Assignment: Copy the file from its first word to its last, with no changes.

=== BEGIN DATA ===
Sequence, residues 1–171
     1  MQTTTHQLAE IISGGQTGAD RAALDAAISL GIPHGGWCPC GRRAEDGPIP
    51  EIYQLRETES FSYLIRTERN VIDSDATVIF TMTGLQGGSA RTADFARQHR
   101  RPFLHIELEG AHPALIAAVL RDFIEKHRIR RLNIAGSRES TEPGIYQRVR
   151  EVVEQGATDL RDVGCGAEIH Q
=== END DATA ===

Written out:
Sequence, residues 1–171
     1  MQTTTHQLAE IISGGQTGAD RAALDAAISL GIPHGGWCPC GRRAEDGPIP
    51  EIYQLRETES FSYLIRTERN VIDSDATVIF TMTGLQGGSA RTADFARQHR
   101  RPFLHIELEG AHPALIAAVL RDFIEKHRIR RLNIAGSRES TEPGIYQRVR
   151  EVVEQGATDL RDVGCGAEIH Q